Thursday, February 12, 2009

Sex with the lights on

The big companies (and perhaps not unrelated - the companies that are in the most financial trouble) have always built stuff that was made to reach the most amount of people. General Motors, Blockbuster, Circuit City, AT&T, pick a clothing company - all these companies, and most of their competitors, have all focused on pleasing - at most- the widest variety of people with the fewest products possible.

Now, we hear a lot about the Long Tail, Tribes, the Herd, and the need for new marketing and new companies to narrow their focus and do better than please people. All consumers will tell you there happy or "feel good" about the interaction. That's less of a compliment and more of an auto-response. Plus, we've set the bar so low on "happy" customers that it only means they don't hate us. Consumers need and want reasons to be absolutely passionate about the things that make up their lives.

The problem: If you are going to take your company/product past pleasing and into absolutely passionate consumer interactions you will piss a lot of people off.

Passionate = polarizing. True passion is almost blind to the opposing view.

The benefit: Passion is also an emotion that continuously drives desire. Rather than make an ad that drives a little bit desire, make a product that drives passion and desire will follow.

UPDATE: Feb 16, 2009. Turns out the Anti-Gym is a not-so-great example. Lawsuits and unpaid taxes shut it down. Lesson: every brand needs more than a reputation - it needs to have competent people behind it and needs to work for its consumer. Sound business is always a great place to start. So, I apologize for the terrible example, but it was polarizing regardless. If you're looking for another example of a more narrowed approach by brands look at: The Container Store (niche marketing), Umpqua Bank (not your grey suit bankers), Toone Guitars (get off the bandwagon), and even Toyota's choice to make the Prius (not so big news now, but considering who it was launched by and what state the auto industry is is big news).

Now for the not so great example I gave of the now defunct Anti-Gym...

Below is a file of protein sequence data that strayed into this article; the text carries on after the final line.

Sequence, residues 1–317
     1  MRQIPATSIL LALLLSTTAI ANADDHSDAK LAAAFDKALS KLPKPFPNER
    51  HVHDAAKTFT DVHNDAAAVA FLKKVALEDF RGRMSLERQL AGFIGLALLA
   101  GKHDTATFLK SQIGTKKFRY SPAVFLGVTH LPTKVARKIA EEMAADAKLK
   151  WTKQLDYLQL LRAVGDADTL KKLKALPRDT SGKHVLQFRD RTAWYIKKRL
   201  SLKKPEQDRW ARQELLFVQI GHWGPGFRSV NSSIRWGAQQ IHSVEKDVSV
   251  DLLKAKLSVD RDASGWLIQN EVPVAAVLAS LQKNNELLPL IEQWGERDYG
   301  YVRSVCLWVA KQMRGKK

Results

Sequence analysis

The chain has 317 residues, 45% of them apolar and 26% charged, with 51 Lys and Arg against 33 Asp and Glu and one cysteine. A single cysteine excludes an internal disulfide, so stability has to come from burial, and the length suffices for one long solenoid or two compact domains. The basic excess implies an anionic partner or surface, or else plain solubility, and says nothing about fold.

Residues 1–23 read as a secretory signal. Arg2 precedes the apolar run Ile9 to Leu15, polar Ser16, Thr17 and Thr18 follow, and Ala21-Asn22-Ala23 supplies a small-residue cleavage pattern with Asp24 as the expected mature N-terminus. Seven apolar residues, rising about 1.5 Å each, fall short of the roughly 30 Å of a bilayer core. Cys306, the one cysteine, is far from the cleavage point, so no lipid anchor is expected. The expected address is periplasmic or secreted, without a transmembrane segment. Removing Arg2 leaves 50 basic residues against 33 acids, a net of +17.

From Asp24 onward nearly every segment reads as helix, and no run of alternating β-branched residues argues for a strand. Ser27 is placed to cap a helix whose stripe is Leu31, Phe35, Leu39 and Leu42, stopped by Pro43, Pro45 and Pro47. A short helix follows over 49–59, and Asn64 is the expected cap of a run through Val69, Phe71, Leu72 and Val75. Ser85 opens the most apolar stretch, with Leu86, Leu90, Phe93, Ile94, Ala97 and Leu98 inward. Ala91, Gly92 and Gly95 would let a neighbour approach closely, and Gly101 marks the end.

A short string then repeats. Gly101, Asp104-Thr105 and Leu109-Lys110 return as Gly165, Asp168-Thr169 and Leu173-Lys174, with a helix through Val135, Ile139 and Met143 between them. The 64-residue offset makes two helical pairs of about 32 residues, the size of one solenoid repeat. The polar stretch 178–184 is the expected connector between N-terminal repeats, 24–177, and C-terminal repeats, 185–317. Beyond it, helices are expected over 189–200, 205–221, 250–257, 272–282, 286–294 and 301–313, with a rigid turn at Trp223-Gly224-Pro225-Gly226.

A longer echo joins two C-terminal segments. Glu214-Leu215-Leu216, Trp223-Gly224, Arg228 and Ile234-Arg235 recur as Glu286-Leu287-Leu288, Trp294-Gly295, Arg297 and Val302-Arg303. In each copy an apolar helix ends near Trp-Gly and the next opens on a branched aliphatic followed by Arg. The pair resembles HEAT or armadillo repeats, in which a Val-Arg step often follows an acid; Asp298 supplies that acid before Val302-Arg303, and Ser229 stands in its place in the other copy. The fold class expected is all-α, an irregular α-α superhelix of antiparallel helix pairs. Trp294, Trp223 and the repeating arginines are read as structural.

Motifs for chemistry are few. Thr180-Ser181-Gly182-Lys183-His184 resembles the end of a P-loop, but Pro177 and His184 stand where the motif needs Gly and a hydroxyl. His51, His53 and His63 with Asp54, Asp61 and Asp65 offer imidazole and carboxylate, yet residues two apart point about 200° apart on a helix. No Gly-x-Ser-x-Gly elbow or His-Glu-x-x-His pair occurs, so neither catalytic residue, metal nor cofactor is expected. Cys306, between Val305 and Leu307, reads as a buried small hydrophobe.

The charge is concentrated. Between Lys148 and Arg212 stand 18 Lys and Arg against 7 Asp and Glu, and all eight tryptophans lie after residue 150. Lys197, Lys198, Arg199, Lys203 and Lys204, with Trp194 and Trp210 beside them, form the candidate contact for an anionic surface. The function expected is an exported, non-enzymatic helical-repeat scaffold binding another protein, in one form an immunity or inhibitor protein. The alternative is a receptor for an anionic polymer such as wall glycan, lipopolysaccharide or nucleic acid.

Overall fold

A great example of love it or leave it positioning is summed up well by Anti-Gym. This Denver based fitness centre understands the words "polarizing" and "passionate". It speaks to a well defined group of people. Because Anti-Gym knows who it is talking to, it can clearly speak to those people. It doesn't worry about everyone else - just the people who will be passionate about this fitness brand.

Ant-Gym is against the gym/spa culture of fun weight loss and evening leisure that currently pollute the fitness centre market. For example: Why do people work out? Is it to run marathons? Sometimes. Is it for their highly laborous lives? Rarely. Is it to look better and be attractive? Almost always. So Anti-Gyms answer: "Have sex with the lights on".

Or how about this...most people that joined their local gym in January have long returned to their evenings watching reality TV. Anti-Brand has one thing to say and it clearly narrows who will accept their message: "No chubbies allowed! A 'chubby' is not necessarily someone with a spare tire or thunder thighs, it’s an unmotivated, lazy slob who wants to blame everybody else but themselves for their shortcomings."

So Anti-Gym is a great example of a narrow focus and leveraging passion. If you end up browsing the site, their mass marketing ads are a terrible example of how to communicate the brand promise. They also push the boundaries on communication and message to the point of ignorance. But that probably won't stop this brands growth. (update - it has. This brand died after lawsuits and tax trouble).